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What’s wrong with selling a dream wedding?

It is the season of weddings – the most illustrious of festivities. From grand fashion to food, a big fat desi wedding is a celebration of all things ostentatious.

As a society, we are obsessed with weddings:  the bridal jora is the epitome of Pakistani fashion, event planners vie for the reception of the year and trousseau ‘packages’ are shamelessly promoted by even the most so-called liberal brands (thus encouraging dowry culture). Even dentists and fitness centres have  started introducing bridal packages as a smart business opportunity. Apparently a bride has to focus on losing weight, setting up a beautiful home and perfecting her skin in the build up to the big day.

Local marketeers constantly boost the idea of a ‘dream wedding‘ that perpetuates traditional beauty and gender roles even in an age of double income homes. Photoshoots of top models in exorbitantly priced bridal lehngas and heavy makeup seem to have become synonymous with weddings. The non-stop message being drilled into women is that brides look, dress and act one way alone.

But is this just about advertising?

There are scores of rishta reject stories from women who have not been matched because they were declared too dark, too overweight or too *something* for a prospective groom. Editorial spreads fearuring gori blushing brides in the bloom of youth dressed in designer joras with tag lines like “happily ever after” implying that there is a co-relation between the perfect look and the perfect marriage. This is a myth that we have ben so heavily invested in that it feels like a foregone conclusion. I am looking forward to an ad campaign showing a cute chubby bride and a young groom.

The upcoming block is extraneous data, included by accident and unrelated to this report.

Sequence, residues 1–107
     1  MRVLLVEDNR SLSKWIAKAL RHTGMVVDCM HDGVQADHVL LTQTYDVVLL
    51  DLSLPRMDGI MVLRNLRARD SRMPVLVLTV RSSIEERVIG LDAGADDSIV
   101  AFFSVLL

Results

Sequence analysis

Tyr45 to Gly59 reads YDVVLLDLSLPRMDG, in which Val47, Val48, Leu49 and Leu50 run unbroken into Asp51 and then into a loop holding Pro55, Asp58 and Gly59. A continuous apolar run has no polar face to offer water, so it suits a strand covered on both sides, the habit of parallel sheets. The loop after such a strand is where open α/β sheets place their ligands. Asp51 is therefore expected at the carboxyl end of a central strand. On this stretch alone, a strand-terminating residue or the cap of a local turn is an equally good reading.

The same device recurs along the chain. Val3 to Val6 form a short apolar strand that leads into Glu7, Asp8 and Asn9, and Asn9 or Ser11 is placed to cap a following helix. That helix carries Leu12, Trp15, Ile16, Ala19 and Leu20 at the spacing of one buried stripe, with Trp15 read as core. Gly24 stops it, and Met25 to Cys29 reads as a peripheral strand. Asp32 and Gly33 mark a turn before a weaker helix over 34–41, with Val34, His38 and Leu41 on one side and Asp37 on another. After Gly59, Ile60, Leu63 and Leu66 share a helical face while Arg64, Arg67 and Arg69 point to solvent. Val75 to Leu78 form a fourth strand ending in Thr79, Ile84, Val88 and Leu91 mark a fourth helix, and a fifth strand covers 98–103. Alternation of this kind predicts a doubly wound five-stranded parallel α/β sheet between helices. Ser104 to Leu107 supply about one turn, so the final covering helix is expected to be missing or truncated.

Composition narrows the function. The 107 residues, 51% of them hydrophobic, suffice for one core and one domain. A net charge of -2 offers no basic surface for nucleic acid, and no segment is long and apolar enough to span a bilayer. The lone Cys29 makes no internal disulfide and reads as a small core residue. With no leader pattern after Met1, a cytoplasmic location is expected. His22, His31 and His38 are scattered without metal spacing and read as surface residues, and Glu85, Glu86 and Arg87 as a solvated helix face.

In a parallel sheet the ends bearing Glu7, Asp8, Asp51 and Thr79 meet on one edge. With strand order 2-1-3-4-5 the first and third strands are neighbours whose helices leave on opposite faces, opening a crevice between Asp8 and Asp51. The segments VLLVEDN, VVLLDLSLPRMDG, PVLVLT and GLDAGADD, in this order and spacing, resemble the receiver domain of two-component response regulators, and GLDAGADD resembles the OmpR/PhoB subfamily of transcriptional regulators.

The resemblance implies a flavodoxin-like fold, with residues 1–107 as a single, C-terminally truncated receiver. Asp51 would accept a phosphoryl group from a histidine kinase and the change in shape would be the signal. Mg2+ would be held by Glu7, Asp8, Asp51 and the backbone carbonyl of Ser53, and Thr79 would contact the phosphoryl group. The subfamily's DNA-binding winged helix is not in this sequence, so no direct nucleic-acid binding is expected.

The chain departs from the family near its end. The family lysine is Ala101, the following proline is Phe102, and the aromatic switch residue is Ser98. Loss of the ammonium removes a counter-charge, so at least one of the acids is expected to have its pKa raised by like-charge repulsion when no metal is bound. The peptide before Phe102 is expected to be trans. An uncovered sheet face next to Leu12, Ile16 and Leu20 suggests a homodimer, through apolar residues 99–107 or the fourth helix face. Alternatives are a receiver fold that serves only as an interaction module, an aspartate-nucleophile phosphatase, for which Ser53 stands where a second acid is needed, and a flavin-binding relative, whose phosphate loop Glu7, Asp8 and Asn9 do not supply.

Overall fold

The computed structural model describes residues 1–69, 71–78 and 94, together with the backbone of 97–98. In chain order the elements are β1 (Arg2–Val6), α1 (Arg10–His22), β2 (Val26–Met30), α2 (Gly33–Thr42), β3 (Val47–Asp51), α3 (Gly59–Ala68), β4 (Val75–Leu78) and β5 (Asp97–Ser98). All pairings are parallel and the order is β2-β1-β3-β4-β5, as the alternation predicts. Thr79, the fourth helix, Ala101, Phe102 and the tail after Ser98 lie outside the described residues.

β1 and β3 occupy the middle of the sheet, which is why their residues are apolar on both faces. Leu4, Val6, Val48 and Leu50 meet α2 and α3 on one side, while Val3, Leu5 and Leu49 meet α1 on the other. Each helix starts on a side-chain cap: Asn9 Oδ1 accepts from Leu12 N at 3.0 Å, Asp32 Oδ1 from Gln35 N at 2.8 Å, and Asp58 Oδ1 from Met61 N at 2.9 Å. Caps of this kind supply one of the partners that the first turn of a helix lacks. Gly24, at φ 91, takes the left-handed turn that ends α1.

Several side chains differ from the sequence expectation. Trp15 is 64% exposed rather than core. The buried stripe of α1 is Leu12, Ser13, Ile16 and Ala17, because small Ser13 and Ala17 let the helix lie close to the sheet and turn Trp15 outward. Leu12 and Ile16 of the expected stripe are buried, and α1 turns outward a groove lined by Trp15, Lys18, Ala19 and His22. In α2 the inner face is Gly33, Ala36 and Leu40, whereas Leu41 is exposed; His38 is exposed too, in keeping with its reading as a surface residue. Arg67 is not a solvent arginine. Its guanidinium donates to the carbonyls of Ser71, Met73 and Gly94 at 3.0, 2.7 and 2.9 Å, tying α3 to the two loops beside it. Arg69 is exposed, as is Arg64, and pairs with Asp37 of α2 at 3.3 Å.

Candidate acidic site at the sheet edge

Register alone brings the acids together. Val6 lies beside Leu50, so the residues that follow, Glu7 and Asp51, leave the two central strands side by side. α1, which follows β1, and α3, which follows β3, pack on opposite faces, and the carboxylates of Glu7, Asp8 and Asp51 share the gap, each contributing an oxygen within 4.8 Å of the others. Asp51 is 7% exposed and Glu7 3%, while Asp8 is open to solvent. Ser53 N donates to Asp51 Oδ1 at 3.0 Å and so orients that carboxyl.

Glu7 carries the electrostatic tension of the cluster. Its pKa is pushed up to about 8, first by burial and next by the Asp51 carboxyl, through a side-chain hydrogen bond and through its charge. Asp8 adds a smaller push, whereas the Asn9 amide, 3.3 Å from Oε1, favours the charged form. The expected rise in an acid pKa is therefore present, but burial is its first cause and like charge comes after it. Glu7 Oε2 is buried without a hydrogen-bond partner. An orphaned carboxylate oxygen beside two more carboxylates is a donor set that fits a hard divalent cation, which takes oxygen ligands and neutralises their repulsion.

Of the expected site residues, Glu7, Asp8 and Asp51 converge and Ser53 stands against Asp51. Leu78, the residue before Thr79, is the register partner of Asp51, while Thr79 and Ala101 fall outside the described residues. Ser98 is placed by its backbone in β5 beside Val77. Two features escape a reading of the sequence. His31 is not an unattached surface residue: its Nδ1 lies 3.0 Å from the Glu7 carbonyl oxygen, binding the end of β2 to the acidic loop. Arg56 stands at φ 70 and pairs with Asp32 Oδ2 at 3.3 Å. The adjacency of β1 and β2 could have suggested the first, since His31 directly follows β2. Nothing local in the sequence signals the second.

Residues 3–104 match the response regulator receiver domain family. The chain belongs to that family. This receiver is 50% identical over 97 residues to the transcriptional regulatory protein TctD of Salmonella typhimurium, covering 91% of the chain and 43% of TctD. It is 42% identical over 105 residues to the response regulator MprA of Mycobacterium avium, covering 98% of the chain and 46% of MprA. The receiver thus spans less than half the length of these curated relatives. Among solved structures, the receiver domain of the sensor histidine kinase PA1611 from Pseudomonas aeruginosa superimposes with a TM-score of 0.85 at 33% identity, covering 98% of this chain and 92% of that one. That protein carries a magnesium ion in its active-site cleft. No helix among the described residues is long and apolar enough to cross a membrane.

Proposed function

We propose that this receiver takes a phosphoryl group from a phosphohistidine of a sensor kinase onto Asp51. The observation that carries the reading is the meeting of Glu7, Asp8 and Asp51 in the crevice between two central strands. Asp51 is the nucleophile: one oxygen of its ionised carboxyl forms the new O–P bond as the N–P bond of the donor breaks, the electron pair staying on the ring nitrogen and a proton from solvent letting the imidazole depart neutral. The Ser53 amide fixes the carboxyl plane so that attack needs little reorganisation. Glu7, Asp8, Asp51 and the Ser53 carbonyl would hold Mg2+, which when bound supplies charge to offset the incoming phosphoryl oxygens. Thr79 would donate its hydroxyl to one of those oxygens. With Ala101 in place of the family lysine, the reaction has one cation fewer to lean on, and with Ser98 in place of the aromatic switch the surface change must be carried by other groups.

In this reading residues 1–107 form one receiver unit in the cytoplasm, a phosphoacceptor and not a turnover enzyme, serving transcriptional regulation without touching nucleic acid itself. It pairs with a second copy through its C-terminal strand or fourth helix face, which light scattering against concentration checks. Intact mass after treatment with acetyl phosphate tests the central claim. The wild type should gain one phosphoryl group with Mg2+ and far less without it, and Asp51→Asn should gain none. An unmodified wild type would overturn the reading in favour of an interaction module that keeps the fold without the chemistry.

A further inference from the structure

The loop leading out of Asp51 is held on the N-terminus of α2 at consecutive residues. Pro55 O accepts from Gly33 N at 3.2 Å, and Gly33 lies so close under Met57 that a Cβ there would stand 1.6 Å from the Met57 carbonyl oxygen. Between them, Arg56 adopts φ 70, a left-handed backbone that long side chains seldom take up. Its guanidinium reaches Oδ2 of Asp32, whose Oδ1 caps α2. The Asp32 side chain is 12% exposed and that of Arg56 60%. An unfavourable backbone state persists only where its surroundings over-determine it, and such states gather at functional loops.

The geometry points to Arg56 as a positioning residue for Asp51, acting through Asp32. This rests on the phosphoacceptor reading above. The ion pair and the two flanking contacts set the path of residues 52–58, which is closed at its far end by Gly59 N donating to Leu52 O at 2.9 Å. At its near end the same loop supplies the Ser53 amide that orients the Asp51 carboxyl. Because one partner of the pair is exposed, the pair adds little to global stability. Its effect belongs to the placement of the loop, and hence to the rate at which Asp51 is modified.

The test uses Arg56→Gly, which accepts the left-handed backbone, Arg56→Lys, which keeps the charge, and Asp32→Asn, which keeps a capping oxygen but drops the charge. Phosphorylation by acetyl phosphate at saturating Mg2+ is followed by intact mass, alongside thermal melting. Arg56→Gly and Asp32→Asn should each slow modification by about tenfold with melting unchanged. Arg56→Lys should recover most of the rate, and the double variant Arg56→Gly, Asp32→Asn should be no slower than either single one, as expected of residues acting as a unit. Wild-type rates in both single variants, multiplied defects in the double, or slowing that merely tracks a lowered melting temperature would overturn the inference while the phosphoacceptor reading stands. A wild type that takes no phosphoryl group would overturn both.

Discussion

Marriages are not made in a banquet hall. 

Despite what the marketeers would like to sell us, no amount of money can buy a happy ending. Destination weddings, themed mayun parties, acrylic dance floors – all of these shenanigans last but a week. Then it is up to the couple to maintain a deep, lasting connection that survives against all odds. And that ‘perfect’ couple is evolving.

Just a few years ago when an elderly widow was proposed to by a colleague both her children and extended family freaked out. Even young women have no respite. When a young divorcee was remarrying after a gap of many years she was mocked by her own family for planning a wedding dress so she chose to keep everything as simple as possible.  A friend who was divorced twice has finally found the love of her life but is not marrying him because she is afraid of social taboo. Anything against a wedding magazine is a big no in our heads.

Are things changing?

This is why campaigns like Generation’s ‘Shahnaz ki Shadi’ are so important – how refreshing it was to see a bride that did not look identical to every other dulhan. A bride who was old enough to achieve her dreams and then choose to share her accomplishments with someone as opposed to seeking joy in another. Another wedding that has broken the mold is model Saheefa Jabbar Khatak’s gorgeous but self deprecating wedding – though it was a designer affair the bride grinned through proceedings and distributed hoodies saying saying “we survived the log kya kahein ge phase“. Most recently Anushka Sharma and Virat Kohli tied the knot in a lavish Tuscan wedding reception – making the decision to auction the pictures for charity.

Perhaps it is time marketing gurus find something else to sell besides ‘rukhsati‘ and ‘rishstas‘. If a marriage is meant to bring happiness, dare we believe that this is every individual’s right; to have it their way and at their time.

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